As fellow missionary, Allison Lucht, and I were driving out to a Tarahumara Indian settlement north of Chihuahua City for the last day of Vacation Bible School there, she asked if I would give the final talk explaining the Gospel to those present. I was thrilled for the opportunity! This wasn’t your typical, run-of-the-mill VBS that is held in an colorfully-decorated wing of a modern church building. Instead, it is a gathering of Indian children and their mothers who meet in a unpainted, dirt-floored wooden structure with old, worn-out school desks for seating. Despite the differences, the greatest need of the children in either setting remains the same — they need to recognize their need for a Savior. That was was very much on my mind that day.
After the day’s lesson was given by Allison, everyone began working on a beaded bracelet craft. I could not help but noticed one of the moms sitting near the back. She was struggling to thread the gem-like beads (each representing part of the Gospel story) onto a wire with one hand, while holding her infant with the other. I offered to hold her little one so she could finish the craft with both hands. With a relieved sigh she nodded “yes” and eagerly gave me the baby. As I walked around the room holding the infant, I tried to imagine what it would be like to be this tribal mother. I wondered if she had the help of her husband, as I had enjoyed with our four babies, or if she had a husband at all. I wondered how she would respond to Jesus’ offer of salvation when she heard it later. Looking at the baby in my arms I could not help but wonder if he would ever get the chance to hear of a loving God who made a way for him to have a place in Heaven. Too soon the mother finished the bracelet and signaled she was ready to take her baby back.
After the children had made their crafts, played the games, sang the songs, eaten the snacks and listen to the teaching of God’s Word, it was time to bring it all to a conclusion with a clear presentation of the Gospel message. Most of the children speak Spanish, as well as their native Tarahumara tongue. But, there were quite a few mothers present who only spoke the Indian language. The Gospel message is alway best understood if the listeners hear it in their first, or heart, language. Allison soothed my concerns when she told me that one of the lady believers would translate for me from Spanish into Tarahumara.
I was introduced to the group and then my translator was called to join me. To my surprise and delight I saw the lady with the baby move from her chair and make her way up toward the platform. SHE was the believer who would be my translator! Her baby WOULD have a chance to hear the Gospel one day! I was thankful for Allison’s faithful ministry to these women and children and how the fruit of her labor was believing women who could now work alongside her. I could not wait to get started with my new-found sister and co-worker in the Lord!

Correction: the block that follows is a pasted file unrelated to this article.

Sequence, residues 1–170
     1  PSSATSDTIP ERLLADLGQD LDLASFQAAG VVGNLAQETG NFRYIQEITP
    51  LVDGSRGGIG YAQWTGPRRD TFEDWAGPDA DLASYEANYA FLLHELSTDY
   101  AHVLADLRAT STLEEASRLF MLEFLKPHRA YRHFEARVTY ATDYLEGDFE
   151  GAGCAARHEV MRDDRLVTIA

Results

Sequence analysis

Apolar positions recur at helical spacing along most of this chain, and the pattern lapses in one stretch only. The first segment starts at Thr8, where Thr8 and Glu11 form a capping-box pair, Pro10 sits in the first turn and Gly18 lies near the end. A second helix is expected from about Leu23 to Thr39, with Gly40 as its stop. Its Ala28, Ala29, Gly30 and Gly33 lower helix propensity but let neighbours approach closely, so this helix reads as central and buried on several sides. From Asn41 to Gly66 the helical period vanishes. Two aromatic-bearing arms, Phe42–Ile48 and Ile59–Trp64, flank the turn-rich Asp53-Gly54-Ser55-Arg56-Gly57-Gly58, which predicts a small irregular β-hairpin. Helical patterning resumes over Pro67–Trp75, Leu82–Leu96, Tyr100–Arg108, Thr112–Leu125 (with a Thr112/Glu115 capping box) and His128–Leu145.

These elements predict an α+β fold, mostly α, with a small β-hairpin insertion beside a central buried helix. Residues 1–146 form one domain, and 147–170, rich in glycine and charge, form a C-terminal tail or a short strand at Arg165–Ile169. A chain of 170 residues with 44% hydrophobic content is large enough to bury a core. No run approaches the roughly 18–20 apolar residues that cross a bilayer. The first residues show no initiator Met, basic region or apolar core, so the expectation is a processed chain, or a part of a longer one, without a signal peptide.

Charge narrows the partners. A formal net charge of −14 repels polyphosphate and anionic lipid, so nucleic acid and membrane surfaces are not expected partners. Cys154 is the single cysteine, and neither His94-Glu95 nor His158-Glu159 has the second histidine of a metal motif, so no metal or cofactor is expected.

We started at the beginning with Adam and Eve, how sin entered the world and how that sin had passed down to all of mankind. From there we talked about how sin brings death and separates us from God. We told them that there is nothing WE can do to fix this serious problem. Each time I would pause to allow my Indian coworker to translate, her excited voice told me that she, too, was wanting to make sure the message was understood. We finished by explaining that God Himself provided the answer to our sin problem through the death of His own Son, which paid in full the sin debt we owe.
Everyone listened intently, except a group of four boys in their early teens who were busy talking with one another. My heart went out to these boys who no doubt face a very strong pull of the world on their young lives. Afterward, I told the boys that I noticed they did not hear the message and offered to tell it to them again, since it was the most important thing they would ever hear. Three of the boys took me up on the offer and followed me outside where I again went over the meaning of the Gospel. The three listen intently this time and when I finished told me they believed what I was saying to be the truth. I told them that they could place their trust in Christ as Savior, if they wanted to, but that it had to be their decision. I told them I would be on the other side of the building, if they wanted to pray together to accept Christ as their Savior. I walked around the corner and before I had time to think, all three boys were right beside me. It was obvious that God was working in their hearts and drawing them to Himself. They all three prayed and trusted Jesus as their personal Savior! Later I learned that these three young men had been coming and hearing the teaching of God’s Word through the ministry of Allison and others most of their lives. It all seemed to come together that day for the three of them — what Christ had done for them in paying the sin debt that they could never pay themselves.
Please pray for Antonio, Ernest and Jerman, that they would grow in their new-found faith and learn to walk with the Lord daily. Also pray for the one boy that refused to hear more about Christ, that he would be saved one day soon…before it’s too late. The life of the young people in this Tarahumara community is not one of fun and ease, but is depressing and hard, typically leading them to a life involved in crime, alcoholism or addiction.